Blue skies are coming...
How can the church journey with families recovering from postnatal illness?
In 2005 I had a beautiful blue-eyed baby girl. When she was just ten days old I was admitted to a psychiatric unit believing that I had a mission from God to bring about the end of the world. The first person to arrive at our home that morning was our pastor’s wife. With gentleness and compassion she helped my husband to call the out-of-hours GP and rallied round an ‘unofficial crisis team’ while we waited for mental health professionals to arrive.
Even in the acute crisis of Postpartum Psychosis www.app-network.org/what-is-pp/
there were three simple things our church were able to do:
1) Be: Making cups of tea in the kitchen, encouraging me to get into bed and cuddle our daughter. Talking about everyday things despite my delusions and holding my hand.
2) Pray: Our elders gathered around my husband to lift us all up to God.
3) Reach out: Our pastor’s wife quickly realised we needed medical help and did not delay. Friends from the church contacted my midwife, arranged for bottle feeding equipment and co-ordinated feeds while I was admitted.
But what about the long road to recovery after a severe mental illness? Can churches apply these same simple things when supporting families as they rebuild their life and faith? These thoughts come from my own very personal experience of recovery from Postpartum Psychosis, but I hope they will also help Christians to support families going through many other mental health problems.
How can we ‘Be’?
There are so many things churches can do just to walk alongside families in a practical way. Organise a meal rota, offer to go along with parents to baby and toddler groups, send a text to see if any shopping needs doing. Invite dads out for a pint - once in a while! Make sure your pastoral team are up to date with what the family would like in terms of practical support. Ask the family how much detail can be shared with the church as for some people there is still a huge stigma around postnatal illness.
One thing I would have loved was for my pastoral visits to be less about mental health and more about tea and cake! I had a lot of professionals involved in my life and supporting me around medication, pace of life and adjusting to being a mum. Make a few gorgeous cupcakes and pop round, sometimes the small gestures can really speak to someone about how much they are loved.
There are five great tips for talking to people going through mental health problems here www.time-to-change.org.uk/talk-about-mental-health/tips
How can we pray?
I had friends in my childhood church who prayed faithfully for my bond with my daughter. How incredible to see the outworking of those prayers now that she is a secure and wonderful seven year old! Pray for healing, definitely, but be mindful that it can feel like a terrible disappointment for vulnerable families when healing ‘fails’ to be instant. Pray for hope in the long-haul. Pray for moments of beauty in each day. A few months in to my recovery a wonderful friend at church gave me a small notebook with a butterfly on the front. She suggested I just write one thing each day to thank God for. It was incredibly hard some days, but I now treasure the notebook as it shows me the love I had for my daughter and the small things I appreciated about her each day even when I felt like a terrible mother.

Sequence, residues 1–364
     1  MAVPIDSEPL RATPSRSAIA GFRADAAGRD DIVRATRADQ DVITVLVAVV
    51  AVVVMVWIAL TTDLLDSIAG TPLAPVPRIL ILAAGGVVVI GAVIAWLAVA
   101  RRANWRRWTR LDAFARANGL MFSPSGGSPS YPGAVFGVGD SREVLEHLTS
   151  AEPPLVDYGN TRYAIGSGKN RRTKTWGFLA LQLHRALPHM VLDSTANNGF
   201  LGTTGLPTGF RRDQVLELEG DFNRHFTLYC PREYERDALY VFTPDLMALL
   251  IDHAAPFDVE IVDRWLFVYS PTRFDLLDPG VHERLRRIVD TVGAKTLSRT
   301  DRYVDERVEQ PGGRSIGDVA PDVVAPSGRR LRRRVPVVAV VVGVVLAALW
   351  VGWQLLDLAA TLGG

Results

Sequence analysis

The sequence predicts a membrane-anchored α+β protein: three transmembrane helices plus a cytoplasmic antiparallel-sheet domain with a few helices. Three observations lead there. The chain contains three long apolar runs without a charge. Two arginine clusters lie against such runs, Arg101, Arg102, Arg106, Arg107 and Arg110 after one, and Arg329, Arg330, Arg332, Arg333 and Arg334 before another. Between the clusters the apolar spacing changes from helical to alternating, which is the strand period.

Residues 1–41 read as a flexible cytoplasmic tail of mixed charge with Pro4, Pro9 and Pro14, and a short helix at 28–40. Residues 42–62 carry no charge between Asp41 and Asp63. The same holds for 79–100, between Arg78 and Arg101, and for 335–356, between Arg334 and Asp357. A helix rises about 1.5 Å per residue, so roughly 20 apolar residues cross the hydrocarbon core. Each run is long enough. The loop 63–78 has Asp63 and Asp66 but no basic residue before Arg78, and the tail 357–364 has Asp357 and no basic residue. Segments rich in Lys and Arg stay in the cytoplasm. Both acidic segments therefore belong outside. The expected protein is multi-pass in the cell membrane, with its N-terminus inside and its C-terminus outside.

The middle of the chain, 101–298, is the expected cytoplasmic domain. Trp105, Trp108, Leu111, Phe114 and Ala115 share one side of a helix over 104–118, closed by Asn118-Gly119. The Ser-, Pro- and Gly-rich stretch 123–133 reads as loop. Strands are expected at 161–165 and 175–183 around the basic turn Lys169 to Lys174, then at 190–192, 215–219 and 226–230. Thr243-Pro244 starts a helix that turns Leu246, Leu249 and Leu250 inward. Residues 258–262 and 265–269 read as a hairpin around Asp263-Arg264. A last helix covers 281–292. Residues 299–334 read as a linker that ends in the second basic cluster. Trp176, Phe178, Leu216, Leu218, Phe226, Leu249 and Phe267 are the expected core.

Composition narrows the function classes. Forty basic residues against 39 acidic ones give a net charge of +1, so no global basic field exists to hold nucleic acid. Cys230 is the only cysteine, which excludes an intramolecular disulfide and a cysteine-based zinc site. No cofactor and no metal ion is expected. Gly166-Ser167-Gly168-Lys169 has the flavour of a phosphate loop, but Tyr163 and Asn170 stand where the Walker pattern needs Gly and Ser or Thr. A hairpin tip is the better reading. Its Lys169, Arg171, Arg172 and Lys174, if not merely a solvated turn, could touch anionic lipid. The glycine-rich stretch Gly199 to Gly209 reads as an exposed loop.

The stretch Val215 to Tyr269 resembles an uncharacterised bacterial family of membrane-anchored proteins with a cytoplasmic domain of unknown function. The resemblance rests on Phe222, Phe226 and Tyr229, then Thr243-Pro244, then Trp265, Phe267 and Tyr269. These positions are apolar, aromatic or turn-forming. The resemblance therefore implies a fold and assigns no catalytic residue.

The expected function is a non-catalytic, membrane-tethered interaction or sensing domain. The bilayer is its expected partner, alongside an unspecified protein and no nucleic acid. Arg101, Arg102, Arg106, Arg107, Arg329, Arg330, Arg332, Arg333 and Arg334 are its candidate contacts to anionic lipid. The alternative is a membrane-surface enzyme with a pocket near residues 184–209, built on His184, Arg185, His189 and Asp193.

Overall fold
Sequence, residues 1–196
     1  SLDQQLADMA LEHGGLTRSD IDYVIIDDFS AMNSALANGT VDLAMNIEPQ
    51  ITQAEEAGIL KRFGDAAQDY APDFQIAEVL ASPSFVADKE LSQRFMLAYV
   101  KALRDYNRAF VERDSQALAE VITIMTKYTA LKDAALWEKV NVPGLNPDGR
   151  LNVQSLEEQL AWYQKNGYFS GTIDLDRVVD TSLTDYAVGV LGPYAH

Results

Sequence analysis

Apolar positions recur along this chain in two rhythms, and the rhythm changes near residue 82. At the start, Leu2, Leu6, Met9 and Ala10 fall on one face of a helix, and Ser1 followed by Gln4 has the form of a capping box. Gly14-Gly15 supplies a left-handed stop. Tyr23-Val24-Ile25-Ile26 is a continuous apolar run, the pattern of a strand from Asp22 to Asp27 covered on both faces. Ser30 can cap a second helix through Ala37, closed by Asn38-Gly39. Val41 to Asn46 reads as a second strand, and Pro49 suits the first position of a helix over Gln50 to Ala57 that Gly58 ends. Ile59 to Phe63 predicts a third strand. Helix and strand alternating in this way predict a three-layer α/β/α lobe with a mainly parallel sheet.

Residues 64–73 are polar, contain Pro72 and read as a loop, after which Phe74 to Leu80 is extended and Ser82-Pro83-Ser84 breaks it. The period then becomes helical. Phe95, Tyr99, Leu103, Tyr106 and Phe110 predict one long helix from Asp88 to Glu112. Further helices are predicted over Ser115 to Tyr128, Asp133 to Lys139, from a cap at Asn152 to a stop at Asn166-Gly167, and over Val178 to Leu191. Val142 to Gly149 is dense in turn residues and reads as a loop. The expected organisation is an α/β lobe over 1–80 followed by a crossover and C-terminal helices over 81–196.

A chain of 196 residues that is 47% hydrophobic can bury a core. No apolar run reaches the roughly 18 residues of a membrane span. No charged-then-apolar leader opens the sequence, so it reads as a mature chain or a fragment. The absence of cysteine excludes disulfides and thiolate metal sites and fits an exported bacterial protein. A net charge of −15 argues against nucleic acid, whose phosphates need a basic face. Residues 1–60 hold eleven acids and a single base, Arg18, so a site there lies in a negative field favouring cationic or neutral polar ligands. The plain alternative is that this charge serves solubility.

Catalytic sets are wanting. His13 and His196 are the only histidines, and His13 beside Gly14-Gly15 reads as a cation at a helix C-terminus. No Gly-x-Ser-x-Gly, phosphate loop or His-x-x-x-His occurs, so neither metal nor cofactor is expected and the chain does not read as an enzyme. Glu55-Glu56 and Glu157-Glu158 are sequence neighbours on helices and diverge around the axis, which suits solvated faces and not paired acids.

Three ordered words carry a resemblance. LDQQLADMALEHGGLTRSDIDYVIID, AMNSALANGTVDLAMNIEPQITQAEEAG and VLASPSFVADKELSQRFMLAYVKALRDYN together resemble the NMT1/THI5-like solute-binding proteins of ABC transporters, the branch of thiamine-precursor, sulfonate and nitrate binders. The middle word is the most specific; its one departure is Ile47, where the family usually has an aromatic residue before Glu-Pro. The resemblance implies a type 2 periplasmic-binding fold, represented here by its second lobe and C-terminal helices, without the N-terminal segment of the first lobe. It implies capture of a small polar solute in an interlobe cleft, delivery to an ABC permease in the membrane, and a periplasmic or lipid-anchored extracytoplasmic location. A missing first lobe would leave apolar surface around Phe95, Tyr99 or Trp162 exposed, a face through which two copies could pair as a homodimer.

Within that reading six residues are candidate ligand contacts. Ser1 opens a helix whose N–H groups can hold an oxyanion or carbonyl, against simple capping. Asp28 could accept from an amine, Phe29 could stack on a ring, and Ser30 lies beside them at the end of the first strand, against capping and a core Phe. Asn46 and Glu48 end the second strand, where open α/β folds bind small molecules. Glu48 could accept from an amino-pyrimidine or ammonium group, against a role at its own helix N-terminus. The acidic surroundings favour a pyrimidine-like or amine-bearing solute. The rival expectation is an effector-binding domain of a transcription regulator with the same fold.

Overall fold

Read the Psalms and use them to cry out for the family in your own prayer times. See how pouring out incredibly raw emotions to God is modelled for us in the Bible. I was incredibly angry with God at times – falling from the euphoria of believing that heaven was imminent to the reality of psychiatric admission and almost a year of postnatal depression was beyond tough. If you are supporting angry people, try to pray that God will comfort them in their storm. Blue skies do come in time.
How can we reach out?
Please don’t try and support families with mental health problems without equipping yourself with good professional information! Alongside mindandsoul there are brilliant resources out there for anyone wanting to understand more about mental health. Look up conditions and treatments on the Mind www.mind.org.uk
and Rethink Mental Illness www.rethink.org
websites, or download patient information leaflets from the Royal College of Psychiatrists www.rcpsych.ac.uk/expertadvice.aspx
. You may also have professionals working in mental health in your congregation – ask if you can use them as a sounding board. So often people with incredible skills in their working life don’t get to use them pastorally – and many would love to.
It can be immensely helpful for families if you do a bit of Googling to find out what support is available locally for them. Exhaustion and the demands of a young family can mean this comes low on the list of priorities! Two high quality national organisations specifically for postnatal illness are APP www.app-network.org
If you are part of a small church and would like to be able to access more practical help for families in your congregation, Home Start www.home-start.org.uk
have an excellent national programme of volunteers who will spend time with families in their home.
The blue skies
How did our personal story end? I made a full recovery by the time our first daughter was around one year old and began working for two leading mental health charities (Rethink Mental Illness and APP). Five years later, we had a second daughter – our step of faith baby #2. Although we had a hugely difficult first year, a relapse of Postpartum Psychosis was prevented with excellent support from a specialist perinatal mental health team. Baby #2 is now a full of fun two year old. Through it all, God’s love has remained.
Funnily enough, as I write from our kitchen table just now I can see crystal clear blue skies framed by snowy rooftops.
Naomi is a Trustee of Action on Postpartum Psychosis and trainer for Rethink Mental Illness